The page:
Egypt opposition seeks talks as more killed

Egyptian opposition leaders on Wednesday sought urgent talks on the political crisis gripping the country, as fresh violence killed two more people in Cairo.

Egyptian riot policemen stand guard during a demonstration outside the High Court in Cairo on January 30, 2013. Egyptian opposition leaders on Wednesday sought urgent talks on the political crisis gripping the country, as fresh violence killed two more people in Cairo.

Mohamed ElBaradei, a leading figure in the National Salvation Front, called for the talks just two days after the opposition had rejected Islamist President Mohamed Morsi's appeal for dialogue.

"We want an immediate meeting between the president, the ministers of defence and interior, the ruling party, the Salafist movement and the National Salvation Front to take urgent measures to end the violence and begin a serious dialogue," ElBaradei tweeted.

Former Arab League chief Amr Mussa, another NSF leader, said "the serious current situation" required the acceptance of dialogue "in order to stop the confrontations and the violence."

It was not immediately clear whether this represented a step back by the NSF, which had been demanding a national salvation government and amendment of the Islamist-drafted constitution before agreeing to talks.

But Khaled Dawoud, spokesman for ElBaradei's Al-Dustur party, said ElBaradei's statement was a "denial of all the claims by the presidency that we reject dialogue.

"We are looking for a way out of this (crisis) because we're extremely worried."

The latest unrest began with protests marking the second anniversary of the Egyptian uprising, and took a violent turn at the weekend after 21 residents of Port Said were sentenced to death over football-related violence.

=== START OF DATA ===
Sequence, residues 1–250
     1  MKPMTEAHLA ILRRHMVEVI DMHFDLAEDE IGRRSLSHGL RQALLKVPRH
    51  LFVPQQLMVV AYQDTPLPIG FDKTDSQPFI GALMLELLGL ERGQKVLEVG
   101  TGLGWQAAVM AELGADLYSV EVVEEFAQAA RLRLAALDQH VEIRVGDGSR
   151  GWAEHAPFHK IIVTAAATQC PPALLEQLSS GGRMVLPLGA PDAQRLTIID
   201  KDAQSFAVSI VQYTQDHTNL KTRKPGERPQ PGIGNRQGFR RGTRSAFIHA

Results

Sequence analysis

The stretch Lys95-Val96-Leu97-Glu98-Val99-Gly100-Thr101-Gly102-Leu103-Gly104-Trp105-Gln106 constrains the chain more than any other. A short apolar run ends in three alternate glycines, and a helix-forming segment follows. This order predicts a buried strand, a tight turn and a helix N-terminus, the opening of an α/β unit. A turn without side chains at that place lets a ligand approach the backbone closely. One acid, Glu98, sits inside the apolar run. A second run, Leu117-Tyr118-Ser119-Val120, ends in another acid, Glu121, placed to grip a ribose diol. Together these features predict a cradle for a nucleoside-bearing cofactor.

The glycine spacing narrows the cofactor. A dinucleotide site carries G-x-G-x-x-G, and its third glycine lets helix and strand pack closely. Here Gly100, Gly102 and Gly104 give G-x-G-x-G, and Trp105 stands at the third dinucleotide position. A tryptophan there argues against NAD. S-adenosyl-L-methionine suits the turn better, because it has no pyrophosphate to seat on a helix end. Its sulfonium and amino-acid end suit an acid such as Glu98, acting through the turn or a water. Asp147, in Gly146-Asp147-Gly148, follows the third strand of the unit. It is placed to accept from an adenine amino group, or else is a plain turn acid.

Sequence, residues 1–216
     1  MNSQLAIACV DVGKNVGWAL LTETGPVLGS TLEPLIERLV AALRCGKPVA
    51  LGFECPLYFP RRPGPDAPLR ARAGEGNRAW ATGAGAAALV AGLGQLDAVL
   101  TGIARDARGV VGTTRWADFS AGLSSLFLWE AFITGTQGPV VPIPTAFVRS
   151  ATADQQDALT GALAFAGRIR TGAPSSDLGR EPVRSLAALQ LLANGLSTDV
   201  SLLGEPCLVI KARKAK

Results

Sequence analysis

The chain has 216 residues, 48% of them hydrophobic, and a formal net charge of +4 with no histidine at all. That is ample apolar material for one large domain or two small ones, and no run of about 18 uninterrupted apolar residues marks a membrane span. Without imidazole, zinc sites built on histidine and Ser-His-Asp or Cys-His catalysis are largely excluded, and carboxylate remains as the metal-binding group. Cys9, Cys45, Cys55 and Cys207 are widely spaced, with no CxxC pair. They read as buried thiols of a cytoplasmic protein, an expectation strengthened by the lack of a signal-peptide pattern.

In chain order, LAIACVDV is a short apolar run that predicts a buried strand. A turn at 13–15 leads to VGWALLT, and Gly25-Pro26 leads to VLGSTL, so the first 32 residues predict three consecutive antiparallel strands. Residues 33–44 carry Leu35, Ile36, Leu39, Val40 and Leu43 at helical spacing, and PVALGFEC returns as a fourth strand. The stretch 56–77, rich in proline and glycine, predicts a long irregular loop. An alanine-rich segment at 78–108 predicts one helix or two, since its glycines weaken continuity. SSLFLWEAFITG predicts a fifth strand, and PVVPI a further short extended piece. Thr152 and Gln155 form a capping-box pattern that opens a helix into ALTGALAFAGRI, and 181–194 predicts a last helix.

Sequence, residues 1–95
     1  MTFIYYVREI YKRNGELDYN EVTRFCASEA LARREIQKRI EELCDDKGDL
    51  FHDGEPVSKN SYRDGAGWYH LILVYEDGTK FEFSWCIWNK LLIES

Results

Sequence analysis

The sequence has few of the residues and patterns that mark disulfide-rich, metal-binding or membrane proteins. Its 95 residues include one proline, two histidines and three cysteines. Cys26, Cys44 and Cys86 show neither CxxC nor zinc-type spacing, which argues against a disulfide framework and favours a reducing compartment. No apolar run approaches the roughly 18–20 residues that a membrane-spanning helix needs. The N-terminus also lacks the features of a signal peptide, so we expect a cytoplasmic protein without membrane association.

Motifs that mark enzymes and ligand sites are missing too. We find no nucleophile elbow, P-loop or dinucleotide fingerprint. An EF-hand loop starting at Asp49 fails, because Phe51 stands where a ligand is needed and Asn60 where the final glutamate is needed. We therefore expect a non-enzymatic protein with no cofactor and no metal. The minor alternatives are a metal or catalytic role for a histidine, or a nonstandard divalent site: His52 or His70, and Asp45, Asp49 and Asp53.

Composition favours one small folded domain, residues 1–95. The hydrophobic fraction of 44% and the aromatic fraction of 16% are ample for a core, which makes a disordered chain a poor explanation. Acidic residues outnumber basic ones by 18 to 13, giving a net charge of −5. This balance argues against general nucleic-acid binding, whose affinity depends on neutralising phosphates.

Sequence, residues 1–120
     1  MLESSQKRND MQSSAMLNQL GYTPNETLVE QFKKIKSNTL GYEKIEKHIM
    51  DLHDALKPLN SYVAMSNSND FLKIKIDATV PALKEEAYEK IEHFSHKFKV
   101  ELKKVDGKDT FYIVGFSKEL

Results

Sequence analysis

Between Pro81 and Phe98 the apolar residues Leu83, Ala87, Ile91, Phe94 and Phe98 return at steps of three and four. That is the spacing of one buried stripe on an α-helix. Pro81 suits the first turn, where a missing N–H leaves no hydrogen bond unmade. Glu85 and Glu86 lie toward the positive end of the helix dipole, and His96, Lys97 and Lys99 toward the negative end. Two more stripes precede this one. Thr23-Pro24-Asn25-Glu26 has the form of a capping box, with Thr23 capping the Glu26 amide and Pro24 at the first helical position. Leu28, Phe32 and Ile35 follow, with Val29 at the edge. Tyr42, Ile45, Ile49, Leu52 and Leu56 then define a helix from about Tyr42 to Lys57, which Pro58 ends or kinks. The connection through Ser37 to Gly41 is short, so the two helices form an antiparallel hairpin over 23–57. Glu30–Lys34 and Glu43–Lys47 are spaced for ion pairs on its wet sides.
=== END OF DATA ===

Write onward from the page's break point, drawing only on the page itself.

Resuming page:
On Wednesday, Fitch ratings downgraded Egypt's long-term foreign and local currency ratings from B+ to B, with a negative outlook, citing political instability, a weaker economy and diminishing foreign reserves.

Anger on the streets has been directed primarily at Morsi, who is accused of betraying the revolution that brought him the presidency and of consolidating power in the hands of his Muslim Brotherhood.

Scrambling to contain the unrest, Morsi on Sunday slapped the three riot-hit provinces with a curfew from 9:00 pm until 6:00 am, provoking more protests.

On Wednesday, the governors of Suez and Ismailiya eased the curfew to run from 2:00 am to 5:00 am. In Port Said, scene of the deadliest unrest, curfew hours were reduced to 1:00 am to 5:00 am, state media reported.

On Wednesday afternoon, leaders of the NSF -- which groups mainly liberal and leftist parties -- held talks with the Salafist Al-Nour party in response to an invitation from the ultra-conservative Islamist group to discuss the crisis.

They agreed to discuss the formation of a national salvation government and amendment of the constitution.

"One single faction cannot be responsible for managing the affairs of the state," said Al-Nour chief Yunes Makhyun.

"We are concerned for the public interest. Our ideologies may be different but we are all children of one country."

In Cairo, two people were killed near Tahrir Square on Wednesday. Their identities unknown, but medics said they had both been hit by buckshot.

Their deaths bring to four the number of people killed in Cairo and 54 the nationwide total since violence erupted late Thursday, prompting Defence Minister General Abdel Fattah al-Sissi, to warn the crisis could lead to "a collapse of the state."

Most of the deaths were in Port Said on Saturday after a court issued death sentences against 21 supporters of local football club Al-Masry for their role in deadly riots last year.

Also in Cairo, authorities detained four suspected Black Bloc members as they protested against an order by the public prosecutor to arrest anyone from the shadowy opposition group.

As the call for dialogue was made, Morsi was in Berlin for talks with Chancellor Angela Merkel who urged him to ensure dialogue remains an option.

"From my side I made it clear that there are different things that are very important for us," she said, adding: "One is that dialogue with all political forces in Egypt is always available."

Germany's foreign minister earlier warned financial aid to Egypt was contingent upon democratic progress.

Morsi had also been due to meet French President Francois Hollande on Friday, when the Egyptian opposition has called rallies, but the French presidency said his visit has been postponed.

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Writer: AFP
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